October 25, 2012

Where Does Your Water Come From?

Des Moines Water Works Fleur Drive Treatment Plant has the option of three different sources of raw water.  The first and best source is a shallow groundwater collection system called the infiltration gallery. It is a three-mile long, porous pipe constructed with concrete rings. This runs parallel to the Raccoon River in Water Works Park, and collects water from the sands and gravels of the river valley.  The ponds in the park are also there to help recharge the gallery.   It provided all the water to the Des Moines area until 1949.

Increased water demand required construction of an intake on the Raccoon River in 1949, and the drought of 1977 precipitated construction of an intake on the Des Moines River in 1980.

Des Moines Water Works selects its source of water each day, and sometimes can change throughout the day, due to water quality and the ability to treat different substances present in the source water.

Some of the challenges Des Moines Water Works is faced with in selecting the best source water include:

  • Availability:  The first choice would be the gallery, but most days there is not enough capacity to supply all the water needed, so a second source is needed to supplement the gallery.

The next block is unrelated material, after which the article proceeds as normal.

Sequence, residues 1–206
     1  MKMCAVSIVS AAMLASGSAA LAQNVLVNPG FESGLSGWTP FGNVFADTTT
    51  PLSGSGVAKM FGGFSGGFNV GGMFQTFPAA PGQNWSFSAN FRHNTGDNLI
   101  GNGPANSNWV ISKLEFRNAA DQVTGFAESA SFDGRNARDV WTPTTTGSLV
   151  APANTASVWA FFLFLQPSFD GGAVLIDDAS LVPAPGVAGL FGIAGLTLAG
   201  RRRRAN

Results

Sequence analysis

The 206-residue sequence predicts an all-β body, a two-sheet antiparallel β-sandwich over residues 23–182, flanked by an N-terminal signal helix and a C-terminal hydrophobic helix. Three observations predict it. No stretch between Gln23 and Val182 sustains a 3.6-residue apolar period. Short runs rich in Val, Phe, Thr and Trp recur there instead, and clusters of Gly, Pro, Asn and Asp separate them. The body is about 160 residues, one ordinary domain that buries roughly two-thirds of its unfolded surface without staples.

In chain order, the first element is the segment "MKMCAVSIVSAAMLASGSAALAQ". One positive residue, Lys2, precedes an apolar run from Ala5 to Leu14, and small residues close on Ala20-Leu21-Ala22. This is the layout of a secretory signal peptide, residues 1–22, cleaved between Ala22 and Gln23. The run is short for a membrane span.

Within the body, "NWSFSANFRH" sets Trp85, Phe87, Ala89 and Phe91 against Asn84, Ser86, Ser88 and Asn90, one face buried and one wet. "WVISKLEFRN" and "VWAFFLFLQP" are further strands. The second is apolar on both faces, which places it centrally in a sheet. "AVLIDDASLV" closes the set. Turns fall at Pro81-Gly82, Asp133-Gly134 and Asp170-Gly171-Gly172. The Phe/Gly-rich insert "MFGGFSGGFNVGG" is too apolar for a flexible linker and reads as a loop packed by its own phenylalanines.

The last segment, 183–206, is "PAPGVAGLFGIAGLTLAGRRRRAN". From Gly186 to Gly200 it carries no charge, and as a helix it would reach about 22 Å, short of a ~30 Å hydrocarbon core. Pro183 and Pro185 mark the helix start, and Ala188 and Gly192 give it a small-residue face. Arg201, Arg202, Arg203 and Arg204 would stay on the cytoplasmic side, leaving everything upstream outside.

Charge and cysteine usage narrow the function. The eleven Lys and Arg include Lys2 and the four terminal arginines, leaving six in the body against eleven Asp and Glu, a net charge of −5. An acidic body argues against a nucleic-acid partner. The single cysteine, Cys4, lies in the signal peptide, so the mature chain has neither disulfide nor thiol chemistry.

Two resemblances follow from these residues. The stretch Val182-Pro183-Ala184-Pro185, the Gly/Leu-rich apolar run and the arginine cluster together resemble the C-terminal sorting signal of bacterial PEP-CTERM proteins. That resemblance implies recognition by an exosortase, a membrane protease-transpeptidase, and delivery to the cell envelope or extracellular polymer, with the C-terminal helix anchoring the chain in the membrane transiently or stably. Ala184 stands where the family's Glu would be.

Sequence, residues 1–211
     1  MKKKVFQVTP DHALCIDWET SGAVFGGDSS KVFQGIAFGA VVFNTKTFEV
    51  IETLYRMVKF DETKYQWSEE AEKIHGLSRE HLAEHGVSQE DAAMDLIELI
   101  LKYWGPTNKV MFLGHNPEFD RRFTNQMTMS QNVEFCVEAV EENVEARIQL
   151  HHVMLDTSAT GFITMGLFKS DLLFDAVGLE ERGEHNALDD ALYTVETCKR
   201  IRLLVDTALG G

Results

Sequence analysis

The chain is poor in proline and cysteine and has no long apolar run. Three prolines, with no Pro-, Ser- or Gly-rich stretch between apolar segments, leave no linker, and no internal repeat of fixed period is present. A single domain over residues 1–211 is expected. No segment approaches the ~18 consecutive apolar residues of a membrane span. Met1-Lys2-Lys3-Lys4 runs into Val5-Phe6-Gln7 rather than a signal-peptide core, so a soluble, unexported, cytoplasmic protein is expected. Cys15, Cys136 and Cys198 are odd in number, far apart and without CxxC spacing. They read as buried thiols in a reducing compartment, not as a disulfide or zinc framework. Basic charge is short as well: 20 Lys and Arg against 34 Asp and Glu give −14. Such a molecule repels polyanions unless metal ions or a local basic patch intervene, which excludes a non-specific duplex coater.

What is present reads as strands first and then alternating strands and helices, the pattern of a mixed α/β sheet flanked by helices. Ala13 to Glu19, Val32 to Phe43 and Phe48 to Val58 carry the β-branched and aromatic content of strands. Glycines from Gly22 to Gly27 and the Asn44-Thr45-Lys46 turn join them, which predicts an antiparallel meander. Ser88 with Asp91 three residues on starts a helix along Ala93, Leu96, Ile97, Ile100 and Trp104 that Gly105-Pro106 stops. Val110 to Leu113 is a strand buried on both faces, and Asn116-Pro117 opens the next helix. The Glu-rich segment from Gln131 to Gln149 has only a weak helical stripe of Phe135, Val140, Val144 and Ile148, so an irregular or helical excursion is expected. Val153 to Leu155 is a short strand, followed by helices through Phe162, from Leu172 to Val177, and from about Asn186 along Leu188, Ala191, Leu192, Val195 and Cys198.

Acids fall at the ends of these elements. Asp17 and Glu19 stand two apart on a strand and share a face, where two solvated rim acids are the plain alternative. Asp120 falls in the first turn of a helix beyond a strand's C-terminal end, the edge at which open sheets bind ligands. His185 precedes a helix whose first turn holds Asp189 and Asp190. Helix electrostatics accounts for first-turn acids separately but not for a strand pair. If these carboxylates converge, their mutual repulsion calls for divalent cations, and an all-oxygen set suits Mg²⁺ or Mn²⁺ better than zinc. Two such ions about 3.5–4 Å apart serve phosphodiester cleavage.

• Algae and bacteria:  These can cause treatment challenges, such as plugging filters or taste and odor issues.
  • Nutrients:  Some of these are naturally-occurring in the environment, but most are man-made.  They can be from sources such as agriculture, livestock, or wastewater treatment.
  • Other:  Turbidity (cloudiness of the water), hardness (dissolved minerals in the water), organic material (plant decomposition) or taste and odor.
  • Episodic events:  There may be an accidental spill or chemical release into the river.
  • Cost:  The gallery and Raccoon River are available at the Fleur Drive Treatment Plant, but the Des Moines River has to be pumped five miles from the intake to the plant.  This adds additional cost when Des Moines Water Works must use the Des Moines River.

Many of the challenges Des Moines Water Works sees changes daily, so monitoring is done continuously.  Evaluating the source water and determining what is the best available and at the cost is to treat that source ensure Des Moines Water Works can deliver water you can trust for life.

Posted by: Jeff Mitchell No Comments
Labels: , , , , Posted in Customer Service, Customers, Infrastructure, Source Water, Water Quality, Water Treatment

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